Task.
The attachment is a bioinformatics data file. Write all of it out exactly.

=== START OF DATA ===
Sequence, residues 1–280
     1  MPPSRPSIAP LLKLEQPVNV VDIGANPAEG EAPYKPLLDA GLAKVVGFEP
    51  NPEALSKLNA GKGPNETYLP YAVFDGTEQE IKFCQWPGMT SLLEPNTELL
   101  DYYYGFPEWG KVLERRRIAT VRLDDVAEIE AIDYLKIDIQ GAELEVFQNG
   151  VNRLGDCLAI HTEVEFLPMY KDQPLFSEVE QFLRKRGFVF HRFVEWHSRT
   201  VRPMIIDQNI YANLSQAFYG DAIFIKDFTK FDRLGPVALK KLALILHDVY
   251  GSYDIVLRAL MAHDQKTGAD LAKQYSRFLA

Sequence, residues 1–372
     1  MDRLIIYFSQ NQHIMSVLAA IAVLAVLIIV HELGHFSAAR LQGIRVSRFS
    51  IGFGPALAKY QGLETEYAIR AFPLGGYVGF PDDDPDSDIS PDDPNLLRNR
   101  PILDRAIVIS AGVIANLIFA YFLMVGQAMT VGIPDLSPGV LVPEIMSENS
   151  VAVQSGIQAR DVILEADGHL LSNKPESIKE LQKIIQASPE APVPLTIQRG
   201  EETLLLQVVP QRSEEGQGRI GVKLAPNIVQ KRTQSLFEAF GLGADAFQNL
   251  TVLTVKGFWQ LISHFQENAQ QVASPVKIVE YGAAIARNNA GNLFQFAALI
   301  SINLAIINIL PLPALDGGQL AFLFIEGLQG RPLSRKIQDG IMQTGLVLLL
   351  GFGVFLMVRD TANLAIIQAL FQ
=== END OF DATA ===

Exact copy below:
Sequence, residues 1–280
     1  MPPSRPSIAP LLKLEQPVNV VDIGANPAEG EAPYKPLLDA GLAKVVGFEP
    51  NPEALSKLNA GKGPNETYLP YAVFDGTEQE IKFCQWPGMT SLLEPNTELL
   101  DYYYGFPEWG KVLERRRIAT VRLDDVAEIE AIDYLKIDIQ GAELEVFQNG
   151  VNRLGDCLAI HTEVEFLPMY KDQPLFSEVE QFLRKRGFVF HRFVEWHSRT
   201  VRPMIIDQNI YANLSQAFYG DAIFIKDFTK FDRLGPVALK KLALILHDVY
   251  GSYDIVLRAL MAHDQKTGAD LAKQYSRFLA

Sequence, residues 1–372
     1  MDRLIIYFSQ NQHIMSVLAA IAVLAVLIIV HELGHFSAAR LQGIRVSRFS
    51  IGFGPALAKY QGLETEYAIR AFPLGGYVGF PDDDPDSDIS PDDPNLLRNR
   101  PILDRAIVIS AGVIANLIFA YFLMVGQAMT VGIPDLSPGV LVPEIMSENS
   151  VAVQSGIQAR DVILEADGHL LSNKPESIKE LQKIIQASPE APVPLTIQRG
   201  EETLLLQVVP QRSEEGQGRI GVKLAPNIVQ KRTQSLFEAF GLGADAFQNL
   251  TVLTVKGFWQ LISHFQENAQ QVASPVKIVE YGAAIARNNA GNLFQFAALI
   301  SINLAIINIL PLPALDGGQL AFLFIEGLQG RPLSRKIQDG IMQTGLVLLL
   351  GFGVFLMVRD TANLAIIQAL FQ